2. where they act in deliberate ignorance to the truth or falsity of their claim, or 
  3. where they act in reckless disregard for the truth or falsity of their claim. 

The Court noted:  “[o]n their face and at common law, the FCA’s standards focus primarily on what respondents thought and believed.”  Thus, the Court concluded, “[t]he FCA’s scienter element refers to respondents’ knowledge and subjective beliefs—not to what an objectively reasonable person may have known or believed.”  Indeed, sometimes—even at the Supreme Court—the simplest explanation is the correct one.

With regard to the specific facts of Schutte and Proctor, the Court reversed and remanded the cases. The Court summarized the applicable intent standard as follows: “petitioners may establish scienter by showing that respondents”: 

  1. actually knew that their reported prices were not their ‘usual and customary’ prices when they reported those prices, 
  2. were aware of a substantial risk that their higher, retail prices were not their ‘usual and customary’ prices and intentionally avoided learning whether their reports were accurate, or 
  3. were aware of such a substantial and unjustifiable risk but submitted the claims anyway.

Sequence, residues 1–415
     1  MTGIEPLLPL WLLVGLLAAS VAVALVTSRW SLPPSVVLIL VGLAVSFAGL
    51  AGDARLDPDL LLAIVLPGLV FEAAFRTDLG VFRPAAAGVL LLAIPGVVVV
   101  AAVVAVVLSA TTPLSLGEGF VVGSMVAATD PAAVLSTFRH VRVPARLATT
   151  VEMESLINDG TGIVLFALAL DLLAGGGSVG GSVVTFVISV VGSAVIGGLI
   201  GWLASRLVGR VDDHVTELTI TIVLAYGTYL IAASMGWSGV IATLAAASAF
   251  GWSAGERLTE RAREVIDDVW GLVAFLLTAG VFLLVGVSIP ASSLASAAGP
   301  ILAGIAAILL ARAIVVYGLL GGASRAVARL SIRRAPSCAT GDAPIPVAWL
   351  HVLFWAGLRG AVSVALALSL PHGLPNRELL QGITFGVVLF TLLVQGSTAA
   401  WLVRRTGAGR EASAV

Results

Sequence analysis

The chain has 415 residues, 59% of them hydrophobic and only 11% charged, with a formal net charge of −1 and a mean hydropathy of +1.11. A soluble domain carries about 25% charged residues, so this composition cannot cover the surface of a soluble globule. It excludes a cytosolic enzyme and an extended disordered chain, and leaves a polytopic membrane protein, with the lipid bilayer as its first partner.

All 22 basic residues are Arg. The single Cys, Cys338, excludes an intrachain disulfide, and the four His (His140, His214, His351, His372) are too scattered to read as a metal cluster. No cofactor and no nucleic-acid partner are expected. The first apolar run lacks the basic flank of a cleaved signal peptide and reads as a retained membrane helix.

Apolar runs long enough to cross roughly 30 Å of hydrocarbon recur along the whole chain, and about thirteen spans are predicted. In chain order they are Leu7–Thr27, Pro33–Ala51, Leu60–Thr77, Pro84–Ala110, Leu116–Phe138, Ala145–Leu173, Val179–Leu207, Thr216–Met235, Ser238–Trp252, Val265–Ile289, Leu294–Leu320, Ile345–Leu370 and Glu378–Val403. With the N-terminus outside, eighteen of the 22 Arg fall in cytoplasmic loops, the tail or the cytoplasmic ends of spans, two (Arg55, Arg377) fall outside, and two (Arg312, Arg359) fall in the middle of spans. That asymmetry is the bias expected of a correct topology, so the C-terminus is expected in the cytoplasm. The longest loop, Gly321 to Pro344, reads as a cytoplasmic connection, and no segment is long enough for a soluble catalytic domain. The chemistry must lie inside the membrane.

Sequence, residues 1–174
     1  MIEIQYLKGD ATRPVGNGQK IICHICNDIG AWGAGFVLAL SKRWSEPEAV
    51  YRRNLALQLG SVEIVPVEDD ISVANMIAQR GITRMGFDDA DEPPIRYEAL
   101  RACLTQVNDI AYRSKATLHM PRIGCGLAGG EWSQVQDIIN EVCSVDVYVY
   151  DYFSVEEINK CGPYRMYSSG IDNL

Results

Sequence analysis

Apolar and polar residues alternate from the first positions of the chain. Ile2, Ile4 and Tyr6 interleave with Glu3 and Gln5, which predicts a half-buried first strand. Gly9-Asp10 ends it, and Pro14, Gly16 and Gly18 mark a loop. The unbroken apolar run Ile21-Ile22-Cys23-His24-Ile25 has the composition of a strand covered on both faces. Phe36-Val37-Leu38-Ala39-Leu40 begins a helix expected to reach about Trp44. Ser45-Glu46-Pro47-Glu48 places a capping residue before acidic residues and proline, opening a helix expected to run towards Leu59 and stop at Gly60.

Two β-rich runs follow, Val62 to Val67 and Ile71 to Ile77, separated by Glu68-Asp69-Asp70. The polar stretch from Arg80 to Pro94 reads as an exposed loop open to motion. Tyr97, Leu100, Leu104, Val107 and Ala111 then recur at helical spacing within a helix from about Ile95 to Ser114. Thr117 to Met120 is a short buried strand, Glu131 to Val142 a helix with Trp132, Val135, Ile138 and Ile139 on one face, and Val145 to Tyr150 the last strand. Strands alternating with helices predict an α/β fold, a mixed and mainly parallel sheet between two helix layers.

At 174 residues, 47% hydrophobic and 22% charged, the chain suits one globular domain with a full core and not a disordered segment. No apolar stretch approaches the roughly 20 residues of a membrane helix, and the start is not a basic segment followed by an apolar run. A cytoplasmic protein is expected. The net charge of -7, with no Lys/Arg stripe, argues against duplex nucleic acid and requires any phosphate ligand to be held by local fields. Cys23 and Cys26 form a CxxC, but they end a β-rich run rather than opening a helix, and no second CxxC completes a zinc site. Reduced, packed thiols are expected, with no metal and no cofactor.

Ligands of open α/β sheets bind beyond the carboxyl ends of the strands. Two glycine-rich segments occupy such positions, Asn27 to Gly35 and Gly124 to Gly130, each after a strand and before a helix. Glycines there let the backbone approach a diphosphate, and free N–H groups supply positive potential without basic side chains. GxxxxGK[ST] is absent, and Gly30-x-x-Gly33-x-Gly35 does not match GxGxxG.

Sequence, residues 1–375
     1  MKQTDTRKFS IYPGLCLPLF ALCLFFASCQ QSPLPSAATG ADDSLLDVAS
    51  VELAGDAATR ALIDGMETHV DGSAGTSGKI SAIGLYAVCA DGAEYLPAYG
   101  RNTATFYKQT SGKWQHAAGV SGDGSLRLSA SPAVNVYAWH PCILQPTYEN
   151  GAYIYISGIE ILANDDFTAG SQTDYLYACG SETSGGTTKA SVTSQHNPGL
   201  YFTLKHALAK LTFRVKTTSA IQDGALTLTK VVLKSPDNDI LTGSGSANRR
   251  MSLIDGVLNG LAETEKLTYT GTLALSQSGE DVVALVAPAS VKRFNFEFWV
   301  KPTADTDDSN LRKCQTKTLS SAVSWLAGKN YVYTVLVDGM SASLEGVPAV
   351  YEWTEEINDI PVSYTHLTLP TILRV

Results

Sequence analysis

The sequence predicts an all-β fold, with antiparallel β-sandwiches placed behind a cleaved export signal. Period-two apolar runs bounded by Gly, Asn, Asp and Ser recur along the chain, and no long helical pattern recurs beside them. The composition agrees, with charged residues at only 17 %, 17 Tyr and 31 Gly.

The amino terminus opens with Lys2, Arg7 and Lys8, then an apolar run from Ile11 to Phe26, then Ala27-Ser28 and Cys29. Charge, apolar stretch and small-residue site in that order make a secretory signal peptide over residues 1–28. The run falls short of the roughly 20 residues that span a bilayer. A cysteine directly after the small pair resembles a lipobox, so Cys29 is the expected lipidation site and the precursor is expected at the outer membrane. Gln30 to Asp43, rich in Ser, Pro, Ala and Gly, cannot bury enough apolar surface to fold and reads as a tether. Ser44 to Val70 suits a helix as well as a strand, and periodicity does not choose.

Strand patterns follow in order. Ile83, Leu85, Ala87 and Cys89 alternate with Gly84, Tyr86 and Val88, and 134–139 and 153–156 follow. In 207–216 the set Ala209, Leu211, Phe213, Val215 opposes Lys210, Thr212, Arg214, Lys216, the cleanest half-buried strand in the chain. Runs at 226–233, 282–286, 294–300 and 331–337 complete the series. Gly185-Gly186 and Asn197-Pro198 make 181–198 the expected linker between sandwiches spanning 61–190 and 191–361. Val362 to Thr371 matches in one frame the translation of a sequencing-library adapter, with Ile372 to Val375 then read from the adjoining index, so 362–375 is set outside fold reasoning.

Those theories of liability track the three intent standards found within the text of the FCA, and a defendant can be liable under any of the three. Ultimately, if a plaintiff “can make that showing, then it does not matter whether some other, objectively reasonable interpretation of ‘usual and customary’ would point to respondents’ higher prices.”


Schutte and Proctor are sure to change the landscape of the FCA in very meaningful ways for whistleblowers and defendants alike. 

Over the last few years, a number of federal district and appellate courts adopted the Safeco standard in FCA cases. This opened the door for defendants to move for dismissal or summary judgment early in the case based on arguments that they conformed their conduct to reasonable objective interpretations of ambiguous statutes or regulations. The Court’s decision rejecting Safeco is likely to make it more difficult—although certainly not impossible—for defendants to obtain dismissal or summary judgment in FCA cases. Subjective intent is an issue that often cannot be decided as a matter of law, as testimony or evidence may not show conclusively what a defendant believed at a given time. In such cases, a jury or judge will need to decide at trial whether a defendant subjectively believed their conduct was compliant with applicable laws and regulations.

The Schutte and Proctor decisions also could make FCA cases more complicated and expensive during the discovery phase of litigation. Now that it is clear a defendant’s subjective beliefs play a critical role in FCA liability, expect whistleblowers to dig deeper into that issue by making broad document requests and by deposing multiple witnesses on the subject.

How to Protect Your Company

In light of the new face of FCA law in this country, government contractors and other companies doing business with the government should take note of these recommendations to help protect against an FCA claim.